Harris is an accomplished artist, working at Studio Y in Calgary, a place where she feels suits her passion. Here, she gets to indulge in her lifelong dream in a caring environment.
“I’ve worked there for like, a year and a half now and I absolutely loved it when I first started,” she said.
“It’s really nice to develop those skills while getting paid and the environment’s really nice. Everyone’s super positive and encouraging.”
Art has always been something Harris felt she was destined for, early in her teenage life and into college. However, she thought it would be easier to feel rewarded by creating art.
“In high school, I guess painting, mostly, was what I really enjoyed doing and I couldn’t see myself doing anything else other than creating things,” she explains, adding that she applied for the Alberta College of Art and Design.
Art has been a contentious issue within her life as she worried about the reality of finding a strong career within the world of art.
“I guess when I graduated college and I was in the real world, it was just kind of nerve-racking,” she said.
“And then I got into this pit of depression — struggling to find a job and all this other stuff.”
Because Harris had the notion that finding a job in art was difficult, her mental health began to suffer.
For Harris, creating art is what helps her maintain positivity.
The uncertainty of finding a productive career in art created a hazy outcome in her vision for the future.
“When I graduated college is when I felt like my art career is over because how am I going to making a living doing something I really like doing?” she remembers asking herself.
Even with her mind heavy with doubt, she felt determined to fulfil her dream.
“I enjoyed myself and I really liked the experience so that’s kind of what kept me going,” Harris said.
“It’s an experience so it’s gonna be worth it either way.”
Dr. Keith Dobson, a psychology professor at the University of Calgary with a research interest in depression, understands Harris’ struggle.
He talks about behavioural activation, the idea that participating in certain activities can help people cope with their mental illness.
“Behavioral activation can help [people] break out of depression by reinforcing and doing what you enjoy,” Dobson explains.
Harris’ dedication to continuing her pursuit of art out of passion plays into this idea of behavioural activation.
Now, her art career has flourished into something grounded and real, something she once felt was impossible. Through her art, she recounts her experiences struggling with mental health.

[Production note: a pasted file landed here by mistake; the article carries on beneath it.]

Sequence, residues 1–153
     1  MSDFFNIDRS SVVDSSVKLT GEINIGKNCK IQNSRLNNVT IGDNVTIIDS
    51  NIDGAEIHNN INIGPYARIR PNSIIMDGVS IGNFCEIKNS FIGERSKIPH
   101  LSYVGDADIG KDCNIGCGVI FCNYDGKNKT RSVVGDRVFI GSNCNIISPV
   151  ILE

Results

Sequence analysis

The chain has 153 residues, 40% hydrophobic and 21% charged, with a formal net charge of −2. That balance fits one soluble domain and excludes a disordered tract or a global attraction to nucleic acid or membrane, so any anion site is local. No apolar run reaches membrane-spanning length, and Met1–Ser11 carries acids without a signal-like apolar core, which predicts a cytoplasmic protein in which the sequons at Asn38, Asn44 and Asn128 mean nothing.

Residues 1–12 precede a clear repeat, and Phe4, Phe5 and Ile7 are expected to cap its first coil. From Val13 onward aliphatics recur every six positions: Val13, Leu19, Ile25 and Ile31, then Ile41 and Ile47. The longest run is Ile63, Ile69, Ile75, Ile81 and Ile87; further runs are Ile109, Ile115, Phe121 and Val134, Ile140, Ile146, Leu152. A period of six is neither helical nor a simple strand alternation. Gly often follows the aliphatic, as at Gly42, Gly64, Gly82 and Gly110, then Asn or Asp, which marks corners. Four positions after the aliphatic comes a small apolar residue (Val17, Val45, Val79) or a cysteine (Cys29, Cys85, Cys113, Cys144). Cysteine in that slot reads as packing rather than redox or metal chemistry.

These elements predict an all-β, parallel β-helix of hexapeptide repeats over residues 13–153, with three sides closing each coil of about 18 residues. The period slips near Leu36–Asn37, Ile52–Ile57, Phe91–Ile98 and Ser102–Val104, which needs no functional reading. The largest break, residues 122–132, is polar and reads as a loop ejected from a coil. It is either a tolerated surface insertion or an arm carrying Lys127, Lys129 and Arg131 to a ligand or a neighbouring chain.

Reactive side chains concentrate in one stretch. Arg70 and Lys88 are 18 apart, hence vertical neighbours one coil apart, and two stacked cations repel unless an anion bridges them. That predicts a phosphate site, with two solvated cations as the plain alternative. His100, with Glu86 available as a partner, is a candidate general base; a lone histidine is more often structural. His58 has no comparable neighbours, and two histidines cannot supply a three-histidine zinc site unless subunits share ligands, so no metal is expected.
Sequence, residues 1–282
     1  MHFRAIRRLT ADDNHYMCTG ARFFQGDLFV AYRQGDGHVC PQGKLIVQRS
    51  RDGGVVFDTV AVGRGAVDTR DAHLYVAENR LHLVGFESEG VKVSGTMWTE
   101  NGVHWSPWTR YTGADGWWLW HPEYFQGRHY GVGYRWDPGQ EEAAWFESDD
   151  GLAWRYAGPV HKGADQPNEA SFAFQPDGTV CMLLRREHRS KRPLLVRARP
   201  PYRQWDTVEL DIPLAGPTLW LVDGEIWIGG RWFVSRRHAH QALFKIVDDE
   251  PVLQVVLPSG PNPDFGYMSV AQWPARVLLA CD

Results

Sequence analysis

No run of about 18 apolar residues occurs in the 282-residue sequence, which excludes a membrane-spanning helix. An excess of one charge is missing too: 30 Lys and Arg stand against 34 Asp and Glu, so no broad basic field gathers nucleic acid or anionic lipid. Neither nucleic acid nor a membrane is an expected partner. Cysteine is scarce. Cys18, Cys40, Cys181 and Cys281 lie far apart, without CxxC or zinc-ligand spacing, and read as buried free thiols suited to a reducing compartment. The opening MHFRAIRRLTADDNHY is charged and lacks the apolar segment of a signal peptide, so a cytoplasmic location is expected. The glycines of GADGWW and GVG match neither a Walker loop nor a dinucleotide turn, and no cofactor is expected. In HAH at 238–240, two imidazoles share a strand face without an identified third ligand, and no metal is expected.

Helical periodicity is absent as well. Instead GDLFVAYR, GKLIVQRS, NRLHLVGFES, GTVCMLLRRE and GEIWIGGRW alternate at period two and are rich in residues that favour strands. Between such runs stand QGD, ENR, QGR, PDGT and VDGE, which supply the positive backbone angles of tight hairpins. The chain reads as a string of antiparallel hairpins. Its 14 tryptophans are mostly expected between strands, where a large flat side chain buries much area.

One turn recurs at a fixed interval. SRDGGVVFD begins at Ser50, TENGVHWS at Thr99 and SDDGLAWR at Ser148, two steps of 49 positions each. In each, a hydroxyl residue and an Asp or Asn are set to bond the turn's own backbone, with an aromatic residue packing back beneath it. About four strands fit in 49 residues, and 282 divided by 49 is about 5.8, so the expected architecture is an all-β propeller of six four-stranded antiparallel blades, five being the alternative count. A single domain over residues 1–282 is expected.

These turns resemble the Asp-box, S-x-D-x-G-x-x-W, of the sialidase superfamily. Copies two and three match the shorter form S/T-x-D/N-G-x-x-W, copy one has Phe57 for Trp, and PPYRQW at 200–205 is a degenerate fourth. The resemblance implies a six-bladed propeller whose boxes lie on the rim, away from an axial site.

“A lot of my paintings come from my own experiences and I guess the insects kind of represents your mental health — coming out of you or disgusting parts of you showing,” Harris said, describing her Inner Insects painting.
As much as she enjoys painting, Harris felt compelled to grow as an artist.
“I like all the things and I don’t like limiting myself to just one specific style,” she said.
“Especially when you’re at art college, they want you to major in drawing or painting, but I always had a hard time just choosing one thing.”
One avenue Harris continues to follow in addition to sculpting, woodworking and welding is poetry.
“Poetry has kind of just been like a way to get my thoughts out … I haven’t done a lot of public poetry, just kind of something that I don’t share a lot, but it’s a part of me.”
However, to Harris, poetry is something she likes to “share with my audience.”
Harris’ audience resides on Twitch.tv, a platform for live streaming. On the surface, Twitch seems like an ordinary gaming website, but she repurposed it for herself into something more creative.
“I thought audiences would like to see something different,” she said. “So, I just kind of went for it and I really enjoyed it.”
In line with behavioural activation, Twitch.tv enabled Harris to put herself out there and be encouraged to create more art.
In turn, it allows Harris to share her work with the rest of the world.
Fellow Twitch.tv streamer Ryan Brunski, who suffers from depression, sees the value in Twitch.tv in supporting one’s mental health.
“Twitch is good at building a community so the community can be a point of strength for people if it’s helpful,” he says.
However, Brunski feels it’s important to understand that Twitch.tv isn’t always the safest place to cope with mental health.
“At the same time, it can also go really bad, really quick,” he says. “There’s this tendency to compare yourself to the highlights of everybody else and I don’t think that’s very good for mental health.”
But for Harris, Twitch.tv has provided a welcoming experience that has proven to be helpful.
“My first stream, I got [followed] by like, 20 people and they’re all liking this. It’s this really chill atmosphere.”
These newfound Twitch.tv followers make her feel right at home when they enjoy her art and streams.
“They’re always making sure that I’m doing all right,” she said.
Twitch.tv has allowed Harris to embrace a brand-new community of like-minded individuals and has helped her to create all sorts of unique art pieces.
You can find Harris’ twitch stream at here.
Editor: Sam Nar | firstname.lastname@example.org